Jeffrey M. Benzick, MD Adult Psychiatry San Antonio, TX
Jeffrey M. Benzick, MDAdult PsychiatrySan Antonio, TX

Jeffrey M. Benzick, MD, PA

14800 San Pedro Ave

Suite 110

San Antonio, TX 78232

 

210 490-9850 Phone

210 490-1465 Fax

 

Please call us to set up your appointment. 

 

 

Office Hours

We are open during the following hours:

 

Monday-Thursday 8:15 AM to 4:45 PM

Friday 8:15 AM to 12 Noon

 

I stay after hours most Fridays to accommodate patient schedules.  I also work two Saturdays a month.  Please feel free to call if these better meet your needs.

 

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Policy on Anxiety (benzodiazepine) and Sleep (Z-drug) Medications

This information was added in 2018, but remains quite relevant. I updated practice policies then:

 

Evolving research and heightened scrutiny of quality of care—along with law enforcement concerns of misuse and diversion—have intensified the concern and monitoring long term (and even short term) benzodiazepine use.

 

Because tranquilizers in the Z-class (Ambien, Sonata, Lunesta) and benzodiazepine class such as Xanax (alprazolam), Ativan (lorazepam) Klonopin (clonazepam), Valium (diazepam), Restoril (temazepam) and others are controlled substances subject to definite standards of clinical and ethical care — as well as laws— prescription policy for such in this practice bears reiteration. Their risks are well known, including—but not limited to — dependency, addiction, impaired alertness and coordination (i.e. people are more likely to fall when taking them), and illegal misuse and diversion. They can be especially problematic when combined with legitimate medications, and/or ill-advised medicines referred to below. Furthermore, because they are widespread and easy to find in the community, they may be diverted and frequently present in the mix of narcotic overdose. For some public health and law enforcement agencies, this approaches a public health hazard.

 

These tranquilizing medications, when used only as prescribed, are very effective agents for the immediate relief of acute anxiety. They are indicated for short term use in appropriate clinical situations, as long as there are no contraindications. Those contraindications would include—but not be limited to—past or current misuse of benzodiazepines and other dependency-producing substances such as alcohol, cannabis, narcotic pain meds, stimulants, barbiturates, and various street drugs. Also, any history of illegal activity (convicted or not) connected with use of such.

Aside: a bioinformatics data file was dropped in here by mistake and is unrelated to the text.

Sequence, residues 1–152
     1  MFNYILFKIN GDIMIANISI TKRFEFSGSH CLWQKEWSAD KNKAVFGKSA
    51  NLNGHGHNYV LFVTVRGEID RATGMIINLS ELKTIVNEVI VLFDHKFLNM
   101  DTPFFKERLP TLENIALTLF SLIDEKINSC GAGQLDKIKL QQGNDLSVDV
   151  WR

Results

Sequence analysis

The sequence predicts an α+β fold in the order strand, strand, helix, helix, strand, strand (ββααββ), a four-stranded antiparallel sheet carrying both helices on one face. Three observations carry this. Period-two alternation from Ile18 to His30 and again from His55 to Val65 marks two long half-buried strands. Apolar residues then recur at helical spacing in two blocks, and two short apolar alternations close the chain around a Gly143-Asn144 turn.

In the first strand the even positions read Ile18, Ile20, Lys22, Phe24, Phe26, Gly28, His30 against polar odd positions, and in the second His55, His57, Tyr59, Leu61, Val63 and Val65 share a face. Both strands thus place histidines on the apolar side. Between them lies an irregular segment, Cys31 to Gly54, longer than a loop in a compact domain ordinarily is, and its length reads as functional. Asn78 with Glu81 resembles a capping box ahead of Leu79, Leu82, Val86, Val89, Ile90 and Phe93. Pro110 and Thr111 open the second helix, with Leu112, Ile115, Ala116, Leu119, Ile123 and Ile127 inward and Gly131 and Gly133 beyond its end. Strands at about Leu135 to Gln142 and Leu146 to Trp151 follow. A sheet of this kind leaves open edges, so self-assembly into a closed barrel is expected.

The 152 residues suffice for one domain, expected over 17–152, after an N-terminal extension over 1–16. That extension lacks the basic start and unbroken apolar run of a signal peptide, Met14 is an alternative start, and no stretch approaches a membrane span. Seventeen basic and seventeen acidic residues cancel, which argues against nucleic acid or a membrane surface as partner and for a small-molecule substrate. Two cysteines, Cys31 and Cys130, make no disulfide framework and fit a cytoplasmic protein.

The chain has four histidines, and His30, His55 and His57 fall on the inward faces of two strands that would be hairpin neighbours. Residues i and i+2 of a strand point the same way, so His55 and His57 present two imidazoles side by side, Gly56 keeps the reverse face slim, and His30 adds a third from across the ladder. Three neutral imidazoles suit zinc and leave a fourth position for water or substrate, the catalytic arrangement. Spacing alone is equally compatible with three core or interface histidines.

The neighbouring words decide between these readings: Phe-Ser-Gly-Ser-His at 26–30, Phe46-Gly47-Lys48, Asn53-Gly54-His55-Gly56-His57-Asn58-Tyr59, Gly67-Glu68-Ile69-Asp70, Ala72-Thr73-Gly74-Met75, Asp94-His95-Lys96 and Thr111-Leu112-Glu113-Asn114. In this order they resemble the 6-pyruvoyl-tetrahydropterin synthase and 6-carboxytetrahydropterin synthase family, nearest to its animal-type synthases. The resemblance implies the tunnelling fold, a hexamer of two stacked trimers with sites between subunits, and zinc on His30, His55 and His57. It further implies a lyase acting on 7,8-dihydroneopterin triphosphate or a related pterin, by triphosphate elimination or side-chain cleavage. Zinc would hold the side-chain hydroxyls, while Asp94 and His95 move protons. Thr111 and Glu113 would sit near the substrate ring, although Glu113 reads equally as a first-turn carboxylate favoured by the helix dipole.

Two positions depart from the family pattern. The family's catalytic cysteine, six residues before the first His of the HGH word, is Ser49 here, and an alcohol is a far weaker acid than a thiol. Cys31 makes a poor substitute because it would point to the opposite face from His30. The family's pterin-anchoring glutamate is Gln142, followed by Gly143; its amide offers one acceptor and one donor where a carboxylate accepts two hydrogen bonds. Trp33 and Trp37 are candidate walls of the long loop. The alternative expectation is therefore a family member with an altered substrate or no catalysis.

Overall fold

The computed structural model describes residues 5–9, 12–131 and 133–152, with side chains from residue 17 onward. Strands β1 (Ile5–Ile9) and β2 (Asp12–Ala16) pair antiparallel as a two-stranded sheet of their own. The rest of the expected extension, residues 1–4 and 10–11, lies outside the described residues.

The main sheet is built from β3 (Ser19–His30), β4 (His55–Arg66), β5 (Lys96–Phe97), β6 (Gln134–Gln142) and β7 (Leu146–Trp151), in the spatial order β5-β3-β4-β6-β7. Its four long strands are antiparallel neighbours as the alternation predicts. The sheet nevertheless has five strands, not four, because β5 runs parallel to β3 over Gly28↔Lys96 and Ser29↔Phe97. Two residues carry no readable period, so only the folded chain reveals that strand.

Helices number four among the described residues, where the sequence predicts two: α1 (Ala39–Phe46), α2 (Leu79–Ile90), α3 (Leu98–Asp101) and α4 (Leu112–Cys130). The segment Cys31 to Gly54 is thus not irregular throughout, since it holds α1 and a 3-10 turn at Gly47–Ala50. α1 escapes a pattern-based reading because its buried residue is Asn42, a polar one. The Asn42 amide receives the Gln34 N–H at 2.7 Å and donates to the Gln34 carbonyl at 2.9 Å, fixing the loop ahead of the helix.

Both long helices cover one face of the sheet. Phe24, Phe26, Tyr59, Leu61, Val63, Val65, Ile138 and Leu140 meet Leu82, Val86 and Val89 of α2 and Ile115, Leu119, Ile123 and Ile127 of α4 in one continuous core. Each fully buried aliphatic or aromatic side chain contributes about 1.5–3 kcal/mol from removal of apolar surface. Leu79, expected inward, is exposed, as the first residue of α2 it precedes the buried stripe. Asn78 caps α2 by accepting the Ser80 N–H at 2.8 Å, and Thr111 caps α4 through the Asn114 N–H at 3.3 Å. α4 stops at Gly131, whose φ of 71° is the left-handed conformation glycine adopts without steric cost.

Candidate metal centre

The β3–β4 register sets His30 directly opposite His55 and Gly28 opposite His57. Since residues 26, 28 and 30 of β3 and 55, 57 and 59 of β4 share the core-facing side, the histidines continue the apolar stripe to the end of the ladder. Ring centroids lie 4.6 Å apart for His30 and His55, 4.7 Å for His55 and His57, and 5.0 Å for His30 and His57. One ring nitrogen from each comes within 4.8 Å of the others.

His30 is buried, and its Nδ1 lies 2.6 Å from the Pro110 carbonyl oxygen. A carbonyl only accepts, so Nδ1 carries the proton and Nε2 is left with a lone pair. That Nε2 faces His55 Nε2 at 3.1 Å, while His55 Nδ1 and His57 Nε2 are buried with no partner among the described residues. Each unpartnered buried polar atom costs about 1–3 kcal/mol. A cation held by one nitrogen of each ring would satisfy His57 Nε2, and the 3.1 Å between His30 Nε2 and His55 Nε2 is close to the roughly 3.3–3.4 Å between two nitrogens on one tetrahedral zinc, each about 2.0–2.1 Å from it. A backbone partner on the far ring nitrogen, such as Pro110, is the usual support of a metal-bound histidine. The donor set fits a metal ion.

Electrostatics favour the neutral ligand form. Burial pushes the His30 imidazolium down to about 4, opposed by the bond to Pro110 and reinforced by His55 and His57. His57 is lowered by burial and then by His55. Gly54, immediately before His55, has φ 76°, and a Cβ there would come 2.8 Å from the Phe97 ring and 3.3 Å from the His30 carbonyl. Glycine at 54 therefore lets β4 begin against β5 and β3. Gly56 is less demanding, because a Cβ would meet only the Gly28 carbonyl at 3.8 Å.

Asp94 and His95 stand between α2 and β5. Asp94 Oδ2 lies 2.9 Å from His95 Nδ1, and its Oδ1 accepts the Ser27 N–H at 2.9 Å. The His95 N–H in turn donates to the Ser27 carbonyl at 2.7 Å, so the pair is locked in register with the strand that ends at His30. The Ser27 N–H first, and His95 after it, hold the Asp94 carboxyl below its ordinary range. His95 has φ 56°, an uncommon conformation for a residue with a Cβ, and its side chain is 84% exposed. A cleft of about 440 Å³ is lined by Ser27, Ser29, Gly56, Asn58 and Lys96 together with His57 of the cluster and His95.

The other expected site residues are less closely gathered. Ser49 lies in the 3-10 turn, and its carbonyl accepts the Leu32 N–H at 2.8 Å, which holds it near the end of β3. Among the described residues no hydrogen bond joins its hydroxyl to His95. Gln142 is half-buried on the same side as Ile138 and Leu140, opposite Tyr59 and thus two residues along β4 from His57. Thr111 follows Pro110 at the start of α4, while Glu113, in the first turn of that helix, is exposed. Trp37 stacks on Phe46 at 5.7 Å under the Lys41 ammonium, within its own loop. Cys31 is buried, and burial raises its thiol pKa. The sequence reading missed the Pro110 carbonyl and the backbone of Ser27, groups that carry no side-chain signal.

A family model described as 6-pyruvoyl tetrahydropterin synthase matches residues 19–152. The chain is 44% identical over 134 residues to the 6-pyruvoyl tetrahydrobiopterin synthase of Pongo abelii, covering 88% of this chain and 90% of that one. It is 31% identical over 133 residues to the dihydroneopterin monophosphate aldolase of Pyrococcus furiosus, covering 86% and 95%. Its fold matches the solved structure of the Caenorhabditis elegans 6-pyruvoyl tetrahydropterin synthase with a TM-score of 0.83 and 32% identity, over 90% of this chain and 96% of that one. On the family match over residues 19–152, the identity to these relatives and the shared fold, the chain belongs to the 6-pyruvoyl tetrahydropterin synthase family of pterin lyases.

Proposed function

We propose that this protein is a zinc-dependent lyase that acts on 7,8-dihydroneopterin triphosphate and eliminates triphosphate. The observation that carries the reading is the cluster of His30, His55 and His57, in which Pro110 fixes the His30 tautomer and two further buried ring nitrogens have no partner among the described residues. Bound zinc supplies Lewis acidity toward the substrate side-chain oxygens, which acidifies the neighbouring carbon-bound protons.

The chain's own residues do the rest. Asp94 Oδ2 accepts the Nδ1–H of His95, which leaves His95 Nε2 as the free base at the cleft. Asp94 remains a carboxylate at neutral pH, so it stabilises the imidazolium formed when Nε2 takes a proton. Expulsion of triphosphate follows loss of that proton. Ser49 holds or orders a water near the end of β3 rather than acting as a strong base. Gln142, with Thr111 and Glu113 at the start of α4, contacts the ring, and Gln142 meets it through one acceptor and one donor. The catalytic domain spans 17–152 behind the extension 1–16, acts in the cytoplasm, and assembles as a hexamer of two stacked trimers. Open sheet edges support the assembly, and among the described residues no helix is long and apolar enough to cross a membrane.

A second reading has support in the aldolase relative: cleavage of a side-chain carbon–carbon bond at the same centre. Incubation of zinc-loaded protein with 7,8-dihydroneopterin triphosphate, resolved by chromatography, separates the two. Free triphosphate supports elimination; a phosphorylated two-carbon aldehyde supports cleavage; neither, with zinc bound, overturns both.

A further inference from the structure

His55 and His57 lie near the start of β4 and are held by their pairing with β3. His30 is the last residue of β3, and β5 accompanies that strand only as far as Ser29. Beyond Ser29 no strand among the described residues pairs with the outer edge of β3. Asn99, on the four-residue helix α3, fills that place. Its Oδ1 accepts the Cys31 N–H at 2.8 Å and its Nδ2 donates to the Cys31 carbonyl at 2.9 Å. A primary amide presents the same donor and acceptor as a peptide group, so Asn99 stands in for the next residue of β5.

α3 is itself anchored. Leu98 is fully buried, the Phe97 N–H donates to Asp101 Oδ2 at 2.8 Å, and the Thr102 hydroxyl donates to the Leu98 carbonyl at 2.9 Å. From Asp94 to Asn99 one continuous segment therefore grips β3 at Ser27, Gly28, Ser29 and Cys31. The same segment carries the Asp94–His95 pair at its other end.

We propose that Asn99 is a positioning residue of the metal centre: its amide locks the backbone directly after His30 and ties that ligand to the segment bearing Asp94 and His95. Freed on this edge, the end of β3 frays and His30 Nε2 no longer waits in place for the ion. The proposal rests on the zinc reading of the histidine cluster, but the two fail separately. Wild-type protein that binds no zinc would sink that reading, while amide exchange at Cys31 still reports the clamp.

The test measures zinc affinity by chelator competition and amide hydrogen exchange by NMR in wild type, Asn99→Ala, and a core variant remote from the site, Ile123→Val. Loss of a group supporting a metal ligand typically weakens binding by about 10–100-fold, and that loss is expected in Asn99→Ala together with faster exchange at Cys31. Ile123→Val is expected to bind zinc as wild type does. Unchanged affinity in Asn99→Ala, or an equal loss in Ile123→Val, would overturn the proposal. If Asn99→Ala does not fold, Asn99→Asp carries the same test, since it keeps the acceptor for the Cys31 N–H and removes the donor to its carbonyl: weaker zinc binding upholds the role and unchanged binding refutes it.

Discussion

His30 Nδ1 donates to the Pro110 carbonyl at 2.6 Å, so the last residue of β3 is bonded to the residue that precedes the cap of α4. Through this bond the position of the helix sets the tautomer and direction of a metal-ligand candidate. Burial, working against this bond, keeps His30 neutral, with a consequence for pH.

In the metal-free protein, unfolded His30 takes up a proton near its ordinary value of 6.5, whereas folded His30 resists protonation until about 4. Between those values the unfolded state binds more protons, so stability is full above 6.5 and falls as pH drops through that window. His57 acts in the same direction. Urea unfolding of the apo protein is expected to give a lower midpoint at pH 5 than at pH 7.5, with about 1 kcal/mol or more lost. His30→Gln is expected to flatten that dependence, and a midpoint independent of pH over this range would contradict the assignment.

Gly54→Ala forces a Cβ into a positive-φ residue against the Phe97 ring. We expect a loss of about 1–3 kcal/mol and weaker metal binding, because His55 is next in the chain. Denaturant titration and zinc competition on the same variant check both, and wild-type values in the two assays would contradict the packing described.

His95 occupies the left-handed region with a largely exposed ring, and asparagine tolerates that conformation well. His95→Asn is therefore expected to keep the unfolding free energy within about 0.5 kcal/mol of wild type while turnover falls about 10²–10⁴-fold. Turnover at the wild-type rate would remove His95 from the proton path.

What we've learned is that the best treatment for anxiety is to learn coping skills to deal with the anxiety. Medications like benzodiazepines just cover it up, and in essence, become the coping strategy.  Plus, research has shown that tolerance develops over time with these medications, making them no longer effective at the accustomed dose. 

 

Many patients want to continue these long term for a variety of reasons:

  • Withdrawal symptoms.
  • Inadequate accepted treatment of ongoing biological anxiety disorder (such as General Anxiety Disorder (GAD), Social Anxiety Disorder (SAD), Obsessive Compulsive Disorder (OCD) and Panic Disorder (PD)
  • Psychological craving, reliance, or looking for placebo response.

For those who have been taking benzodiazepines long term, abruptly stopping could quickly lead to un- comfortable and even dangerous withdrawal symptoms. Therefore, a gradual taper schedule is called for in order to achieve physiological freedom from the tranquilizer. The time required can be individualized, and, as many of us have already discussed, will occur over several months if not years.

 

If someone needs closer monitoring to help them discontinue, a formal outpatient detox program is in order. If this proves too limiting and/or challenging, inpatient detox might be necessary.

 

For those who have been incorporating benzodiazepines into their very coping, the “loss” of such medication can seem daunting. Getting other professionals, like counselors, involved is often necessary.  Additionally, I am committed to learning new research in functional/integrative treatment such as nutritional and supplement interventions.

 

For most people in this practice, benzodiazepine use (problematic or not) is only a relatively minor aspect of their medication protocol. Their more important medications pertain to mood, anxiety, adjustment and attention disorders. Getting off the “benzo” (and any other uncalled-for substance) will only enhance the treatment of all conditions and improve quality of life.

 

Thank you for reading this reminder—and update. I look forward to reviewing your protocol with you so that we can answer questions and make any required changes.  If you would like to see the research on the topic, I will direct you to this link:https://wa.kaiserpermanente.org/static/pdf/public/guidelines/benzo-zdrug.pdf. The Kaiser Permanente group put together a very well written summary for healthcare professionals with a detailed bibliography.

 

 

 

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© Jeffrey M. Benzick, MD, PA